Top 10 Cabins designed to be the ultimate post-pandemic getaway destinations you’ve been hunting for!
Cabins have been a relaxing and quintessential getaway option for everyone for ages galore. They’re the ultimate safe haven in the midst of nature, if you simply want to get away from your hectic city lives, and unwind. If you want a simple and minimal vacation, that lets you truly connect with nature, without any of the materialistic luxuries most of us have gotten accustomed to, then a cabin retreat is the answer for you! And, we’ve curated some beautiful and super comfortable cabins that’ll be the perfect travel destination for you. From an intriguing tiny pentagonal cabin to an elevated prefab cabin with a buffer zone to help protect it against harsh climate – these mesmerizing and surreal cabins are the ultimate retreat, you’ve been searching for!
1. The Grand-Pic Chalet
Measuring 1464sqf, Grand-Pic Chalet certainly is grand, yet still unassuming amidst the surrounding birch trees. Taking note of the wooded area’s flora and saplings, the architects at Appareil let the trees and forest guide their design process. Inspired by the lanky birch trees around Grand-Pic Chalet, Appareil architects clad the cottage in corrugated steel to complement the organic vertical lines found throughout the forest. Cloaked by lush black facades, come dusk the Grand-Pic Chalet disappears into the dark like a rider in the night.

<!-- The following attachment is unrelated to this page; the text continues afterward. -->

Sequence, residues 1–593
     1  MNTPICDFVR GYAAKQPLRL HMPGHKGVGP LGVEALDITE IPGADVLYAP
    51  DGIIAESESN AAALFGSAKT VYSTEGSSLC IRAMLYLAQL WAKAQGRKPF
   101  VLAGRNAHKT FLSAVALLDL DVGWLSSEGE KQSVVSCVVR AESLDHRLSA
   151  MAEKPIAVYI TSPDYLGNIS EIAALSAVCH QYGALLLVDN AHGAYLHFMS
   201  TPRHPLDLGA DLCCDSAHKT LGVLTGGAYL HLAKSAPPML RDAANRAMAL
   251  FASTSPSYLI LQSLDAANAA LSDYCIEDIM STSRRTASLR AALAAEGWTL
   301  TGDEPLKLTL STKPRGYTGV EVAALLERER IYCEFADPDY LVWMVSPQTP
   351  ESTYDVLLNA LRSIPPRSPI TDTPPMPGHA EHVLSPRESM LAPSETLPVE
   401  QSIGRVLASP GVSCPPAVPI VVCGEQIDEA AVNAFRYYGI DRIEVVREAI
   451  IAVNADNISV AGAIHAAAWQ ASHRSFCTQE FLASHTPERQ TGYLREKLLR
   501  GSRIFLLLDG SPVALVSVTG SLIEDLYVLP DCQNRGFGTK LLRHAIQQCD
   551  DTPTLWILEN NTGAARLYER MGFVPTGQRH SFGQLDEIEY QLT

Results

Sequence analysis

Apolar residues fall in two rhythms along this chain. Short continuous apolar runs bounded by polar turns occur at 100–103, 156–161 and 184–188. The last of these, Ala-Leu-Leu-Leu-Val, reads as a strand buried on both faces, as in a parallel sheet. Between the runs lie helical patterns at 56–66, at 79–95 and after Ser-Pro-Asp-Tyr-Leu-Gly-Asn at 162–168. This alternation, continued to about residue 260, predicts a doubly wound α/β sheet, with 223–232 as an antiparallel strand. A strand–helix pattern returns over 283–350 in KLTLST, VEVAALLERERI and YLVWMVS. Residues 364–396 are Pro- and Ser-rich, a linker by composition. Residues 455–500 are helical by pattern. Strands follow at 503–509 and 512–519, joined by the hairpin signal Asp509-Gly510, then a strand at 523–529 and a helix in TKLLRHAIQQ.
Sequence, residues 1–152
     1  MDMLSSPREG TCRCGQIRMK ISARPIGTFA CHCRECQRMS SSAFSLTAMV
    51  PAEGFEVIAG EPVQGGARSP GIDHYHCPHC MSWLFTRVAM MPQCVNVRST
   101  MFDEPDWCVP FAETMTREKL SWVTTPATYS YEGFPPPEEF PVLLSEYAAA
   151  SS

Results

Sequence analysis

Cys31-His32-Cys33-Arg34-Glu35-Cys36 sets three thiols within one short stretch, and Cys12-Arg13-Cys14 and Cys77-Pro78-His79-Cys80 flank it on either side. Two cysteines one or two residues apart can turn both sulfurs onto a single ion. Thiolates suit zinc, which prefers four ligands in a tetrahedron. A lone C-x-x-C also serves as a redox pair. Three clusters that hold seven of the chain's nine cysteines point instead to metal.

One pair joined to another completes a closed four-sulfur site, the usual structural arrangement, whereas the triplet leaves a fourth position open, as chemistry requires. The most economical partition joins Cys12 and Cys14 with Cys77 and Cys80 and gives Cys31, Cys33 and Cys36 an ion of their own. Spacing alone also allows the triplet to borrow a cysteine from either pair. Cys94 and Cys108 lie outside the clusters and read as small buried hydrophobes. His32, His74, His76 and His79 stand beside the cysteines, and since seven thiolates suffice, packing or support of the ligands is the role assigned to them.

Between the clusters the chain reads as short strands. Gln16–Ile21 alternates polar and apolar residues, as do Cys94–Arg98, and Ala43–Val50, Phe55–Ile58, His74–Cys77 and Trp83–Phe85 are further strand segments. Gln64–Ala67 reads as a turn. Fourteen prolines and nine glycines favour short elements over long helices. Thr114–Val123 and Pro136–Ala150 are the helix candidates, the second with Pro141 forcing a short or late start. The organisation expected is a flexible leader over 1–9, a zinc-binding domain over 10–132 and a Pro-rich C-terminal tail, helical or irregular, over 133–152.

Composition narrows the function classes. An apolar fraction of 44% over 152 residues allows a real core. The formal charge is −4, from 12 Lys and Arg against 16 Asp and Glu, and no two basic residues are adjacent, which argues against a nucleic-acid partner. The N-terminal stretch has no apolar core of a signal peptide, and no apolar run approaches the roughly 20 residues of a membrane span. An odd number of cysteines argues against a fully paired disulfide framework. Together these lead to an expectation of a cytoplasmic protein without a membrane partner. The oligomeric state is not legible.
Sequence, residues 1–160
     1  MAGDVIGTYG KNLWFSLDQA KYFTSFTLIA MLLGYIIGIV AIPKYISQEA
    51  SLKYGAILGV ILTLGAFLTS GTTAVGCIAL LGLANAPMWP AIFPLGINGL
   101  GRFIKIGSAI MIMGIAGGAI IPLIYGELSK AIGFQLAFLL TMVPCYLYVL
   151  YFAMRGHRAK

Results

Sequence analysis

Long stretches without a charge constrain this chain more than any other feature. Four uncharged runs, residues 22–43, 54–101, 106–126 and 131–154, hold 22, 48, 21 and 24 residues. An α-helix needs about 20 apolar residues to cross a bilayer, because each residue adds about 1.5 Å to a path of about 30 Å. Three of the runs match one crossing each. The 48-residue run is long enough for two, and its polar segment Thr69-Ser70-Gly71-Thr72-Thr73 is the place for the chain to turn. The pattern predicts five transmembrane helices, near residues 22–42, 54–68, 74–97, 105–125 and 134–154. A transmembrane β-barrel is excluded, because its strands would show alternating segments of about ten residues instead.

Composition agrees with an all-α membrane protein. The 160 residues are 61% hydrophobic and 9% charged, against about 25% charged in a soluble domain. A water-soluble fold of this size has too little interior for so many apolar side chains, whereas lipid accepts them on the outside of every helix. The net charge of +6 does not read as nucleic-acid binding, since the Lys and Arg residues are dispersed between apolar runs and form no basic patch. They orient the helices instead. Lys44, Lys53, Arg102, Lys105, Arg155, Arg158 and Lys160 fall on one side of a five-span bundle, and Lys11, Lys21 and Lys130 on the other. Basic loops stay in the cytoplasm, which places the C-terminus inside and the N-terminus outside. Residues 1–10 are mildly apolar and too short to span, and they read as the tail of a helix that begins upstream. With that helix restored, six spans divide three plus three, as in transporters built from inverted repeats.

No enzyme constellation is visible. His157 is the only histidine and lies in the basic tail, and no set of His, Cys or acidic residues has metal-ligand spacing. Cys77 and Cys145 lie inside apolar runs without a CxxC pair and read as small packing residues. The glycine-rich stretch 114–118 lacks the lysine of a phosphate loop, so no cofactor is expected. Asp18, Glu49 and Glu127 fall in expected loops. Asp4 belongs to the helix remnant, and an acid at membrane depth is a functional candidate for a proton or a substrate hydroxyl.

2. Cabin A24
DDAA (Dev Desai Architects and Associates), an offshoot from a firm specializing in residential villas and interiors, designed its own line of unique cabins to capture our gaze. The RCA – 03, or Cabin A24 is a prefabricated tiny cabin that keeps a unique pentagonal shape and comes fully furnished with a bathroom, kitchenette, and living space. Designing Cabin A24, the team behind DDAA hoped to achieve a distinct architectural identity without compromising the tiny home’s household efficiency, amenities, or spatial functionality. Cozy and petite by design, Cabin A24 forms two halves.
3. Bivouac Fanton
Architecture firm Demogo built this small zinc-clad hiker’s cabin, perched on a cliff edge in the Marmarole mountain edge in the Dolomites. Bivouac Fanton was created as a free, emergency shelter for hikers. It’s been equipped with bunk beds to accommodate up to 12 people. The 30-square-meter cabin was built to provide shelter and protect hikers from, as well as celebrate the wild surroundings.
4. Cara R
Cara R is perched in the Andes Mountains in Southern Chile giving views of the vast parklands and nature reserves. It is the ideal destination to be immersed in nature but the area is also known for its extreme climatic conditions and that is exactly what Cara R’s design aims to guard against – nothing can stand between you and a cozy night at your cabin in the woods! On the first floor, there is a woodshed and a chiflonera.” This area between the interiors and exteriors is commonly found in Chilean or Patagonian homes because it helps to regulate the extreme temperature changes that occur in that region. It features a steel frame because stell is both water and fire-resistant!
5. System 00